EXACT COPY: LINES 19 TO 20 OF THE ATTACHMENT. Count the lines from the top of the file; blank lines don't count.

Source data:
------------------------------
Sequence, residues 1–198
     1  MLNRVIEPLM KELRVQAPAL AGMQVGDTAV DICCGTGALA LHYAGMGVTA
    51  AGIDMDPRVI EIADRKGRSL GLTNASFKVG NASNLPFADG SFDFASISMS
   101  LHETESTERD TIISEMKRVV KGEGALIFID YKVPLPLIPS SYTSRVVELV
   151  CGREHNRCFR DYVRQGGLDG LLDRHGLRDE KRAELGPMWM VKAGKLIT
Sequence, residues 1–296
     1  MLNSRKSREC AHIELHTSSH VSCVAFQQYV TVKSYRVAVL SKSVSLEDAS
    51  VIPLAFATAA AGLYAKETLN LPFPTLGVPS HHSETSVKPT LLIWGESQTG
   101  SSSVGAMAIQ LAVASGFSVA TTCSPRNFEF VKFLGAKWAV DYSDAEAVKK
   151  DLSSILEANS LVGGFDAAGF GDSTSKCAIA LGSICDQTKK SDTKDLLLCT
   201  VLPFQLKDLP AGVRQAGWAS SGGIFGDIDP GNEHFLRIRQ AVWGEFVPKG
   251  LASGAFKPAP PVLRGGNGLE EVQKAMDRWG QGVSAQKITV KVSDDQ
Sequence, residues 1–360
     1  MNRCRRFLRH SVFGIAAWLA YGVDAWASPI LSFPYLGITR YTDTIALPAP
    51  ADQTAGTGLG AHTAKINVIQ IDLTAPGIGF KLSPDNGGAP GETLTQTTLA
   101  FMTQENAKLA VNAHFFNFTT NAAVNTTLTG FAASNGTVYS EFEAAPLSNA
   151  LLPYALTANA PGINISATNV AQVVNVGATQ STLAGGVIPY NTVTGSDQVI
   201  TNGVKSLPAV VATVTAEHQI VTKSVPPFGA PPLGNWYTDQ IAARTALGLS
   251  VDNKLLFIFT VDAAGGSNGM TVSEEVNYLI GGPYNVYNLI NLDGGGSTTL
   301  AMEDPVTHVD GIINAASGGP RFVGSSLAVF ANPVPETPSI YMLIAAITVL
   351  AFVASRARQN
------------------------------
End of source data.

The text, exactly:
   251  VDNKLLFIFT VDAAGGSNGM TVSEEVNYLI GGPYNVYNLI NLDGGGSTTL
   301  AMEDPVTHVD GIINAASGGP RFVGSSLAVF ANPVPETPSI YMLIAAITVL